Contrast plays a big role in making sense of the world because it helps toddlers tell things apart. Their use of contrast creates on/off switches that turn everything into “either/or” situations, even though many things may be happening concurrently like having mixed feelings, loving more than one person at a time, or having help available and being on your own. 

So whenever I look into a belief from early childhood, I look for where things look like an “either/or” and check to see if they might actually be an “and.” 

In the case of “being taken care of,” when I became aware that I held this belief: “I’m either being taken care of OR taking care of myself,” lots of things clicked into place. My resistance to being helped made even more sense when I wrote it as a collapse:

being taken care of = NOT taking care of myself.”

In that belief the “either/or” meant that to be taken care of I would have to GIVE UP taking care of myself. That would make me “dependent” on others, which I’d taken off the table back when my brother was born. My subconscious toddler-self wasn’t going to let the proverbial rug get pulled out from under me again. Thank you little Sandy, because as a result I became a highly competent and capable adult who can take care of myself.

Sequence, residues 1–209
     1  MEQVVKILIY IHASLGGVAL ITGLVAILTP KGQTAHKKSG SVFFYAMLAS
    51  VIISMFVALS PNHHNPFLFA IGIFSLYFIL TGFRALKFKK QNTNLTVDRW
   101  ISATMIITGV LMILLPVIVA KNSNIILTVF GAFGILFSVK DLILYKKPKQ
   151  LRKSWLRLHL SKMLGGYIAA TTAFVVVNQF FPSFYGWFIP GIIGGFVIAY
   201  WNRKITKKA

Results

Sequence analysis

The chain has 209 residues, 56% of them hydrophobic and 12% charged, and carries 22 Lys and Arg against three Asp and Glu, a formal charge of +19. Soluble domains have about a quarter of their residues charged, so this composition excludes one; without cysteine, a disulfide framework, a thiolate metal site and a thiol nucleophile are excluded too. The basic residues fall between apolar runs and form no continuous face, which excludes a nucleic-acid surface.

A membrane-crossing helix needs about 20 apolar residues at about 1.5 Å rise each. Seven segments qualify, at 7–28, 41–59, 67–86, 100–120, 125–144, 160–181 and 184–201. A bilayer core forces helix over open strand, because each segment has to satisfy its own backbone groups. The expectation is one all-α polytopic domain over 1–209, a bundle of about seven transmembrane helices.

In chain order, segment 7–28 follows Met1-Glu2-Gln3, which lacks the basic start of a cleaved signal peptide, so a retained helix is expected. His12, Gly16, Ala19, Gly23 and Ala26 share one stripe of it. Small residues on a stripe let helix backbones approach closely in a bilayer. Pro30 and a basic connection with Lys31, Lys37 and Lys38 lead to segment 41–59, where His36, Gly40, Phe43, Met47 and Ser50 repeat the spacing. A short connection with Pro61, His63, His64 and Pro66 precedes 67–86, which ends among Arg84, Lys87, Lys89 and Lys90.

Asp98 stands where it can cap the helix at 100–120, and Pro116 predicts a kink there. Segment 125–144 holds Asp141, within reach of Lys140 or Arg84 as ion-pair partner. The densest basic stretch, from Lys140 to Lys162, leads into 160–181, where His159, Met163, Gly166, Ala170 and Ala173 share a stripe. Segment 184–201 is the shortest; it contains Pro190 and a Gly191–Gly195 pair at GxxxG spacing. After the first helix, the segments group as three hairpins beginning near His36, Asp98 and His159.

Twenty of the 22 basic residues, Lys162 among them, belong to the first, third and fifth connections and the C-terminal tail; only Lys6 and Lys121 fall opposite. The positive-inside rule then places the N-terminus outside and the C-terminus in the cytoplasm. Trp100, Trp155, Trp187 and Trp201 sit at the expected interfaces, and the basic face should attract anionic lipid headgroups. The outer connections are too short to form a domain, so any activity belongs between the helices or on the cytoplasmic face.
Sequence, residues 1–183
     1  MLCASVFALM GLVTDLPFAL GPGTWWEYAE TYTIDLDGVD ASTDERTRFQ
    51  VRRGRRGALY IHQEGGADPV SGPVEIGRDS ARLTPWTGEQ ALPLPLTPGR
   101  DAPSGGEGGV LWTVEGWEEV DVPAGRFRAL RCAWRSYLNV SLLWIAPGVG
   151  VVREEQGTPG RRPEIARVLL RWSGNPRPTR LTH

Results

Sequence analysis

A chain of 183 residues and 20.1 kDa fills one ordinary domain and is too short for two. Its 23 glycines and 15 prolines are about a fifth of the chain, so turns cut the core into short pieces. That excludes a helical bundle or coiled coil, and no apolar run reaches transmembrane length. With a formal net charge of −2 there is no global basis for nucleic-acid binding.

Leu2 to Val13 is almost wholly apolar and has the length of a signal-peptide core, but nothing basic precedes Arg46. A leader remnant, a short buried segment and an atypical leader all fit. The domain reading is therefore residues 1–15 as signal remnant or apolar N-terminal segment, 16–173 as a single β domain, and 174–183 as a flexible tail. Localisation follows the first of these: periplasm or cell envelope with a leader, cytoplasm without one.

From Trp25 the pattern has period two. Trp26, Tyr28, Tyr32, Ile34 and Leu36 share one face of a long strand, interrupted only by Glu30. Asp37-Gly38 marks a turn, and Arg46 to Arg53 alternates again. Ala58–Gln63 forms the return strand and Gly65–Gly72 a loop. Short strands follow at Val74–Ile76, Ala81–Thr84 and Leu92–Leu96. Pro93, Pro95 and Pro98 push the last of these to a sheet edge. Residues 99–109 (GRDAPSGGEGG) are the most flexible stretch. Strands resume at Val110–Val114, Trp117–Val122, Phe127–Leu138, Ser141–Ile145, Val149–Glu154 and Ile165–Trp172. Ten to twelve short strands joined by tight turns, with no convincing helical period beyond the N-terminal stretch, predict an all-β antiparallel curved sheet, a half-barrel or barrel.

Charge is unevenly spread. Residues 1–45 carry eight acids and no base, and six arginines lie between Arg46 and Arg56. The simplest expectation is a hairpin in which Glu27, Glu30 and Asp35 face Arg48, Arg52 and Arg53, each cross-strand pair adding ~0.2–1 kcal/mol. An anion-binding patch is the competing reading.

Knowing that I’m actually fine on my own and that being helped cannot take away my competence or threaten my survival, I was open to the next step which was simply popping in the AND instead of the OR, which produced this new statement that I now recognize as the truth: 

I’m always being taken care of AND taking care of myself.

Nothing given up or lost, but so much gained…which is always the case with breakthroughs!

And because beliefs become generalized (beliefs that begin about ourselves become our truths about humanity in general), this breakthrough has had far-reaching benefits. One is in my ability to take care of others AND let them take care of themselves…at the same time!

Knowing that taking care of them doesn’t stop them from taking care of themselves (or make them incompetent as I previously believed), I no longer feel torn between the two when I’m training coaches, coaching a parent, or coaching a child who is having a meltdown or a tantrum. I can move comfortably between validating their feelings, wants, and wishes AND watching them meet their own needs without depending solely on my Language of Listening® coaching skills to keep me non-reactive. The lightness I feel now tells me that I actually am non-reactive and at peace.


  1. seema |

    oh sandy! what a lovely article – I loved every word! thankyou for sending it to me – I felt so nostalgic for the time we were together when I read it – take care – so much love and prayers, seema

  2. Awww…thank you, Seema. Your visit was quite a treat! No wonder this post brought it up for you since that photo was taken at the airport when I was waiting for you to arrive. Fond memories for me, too. <3 Sandy

Leave a Reply

Your email address will not be published. Required fields are marked *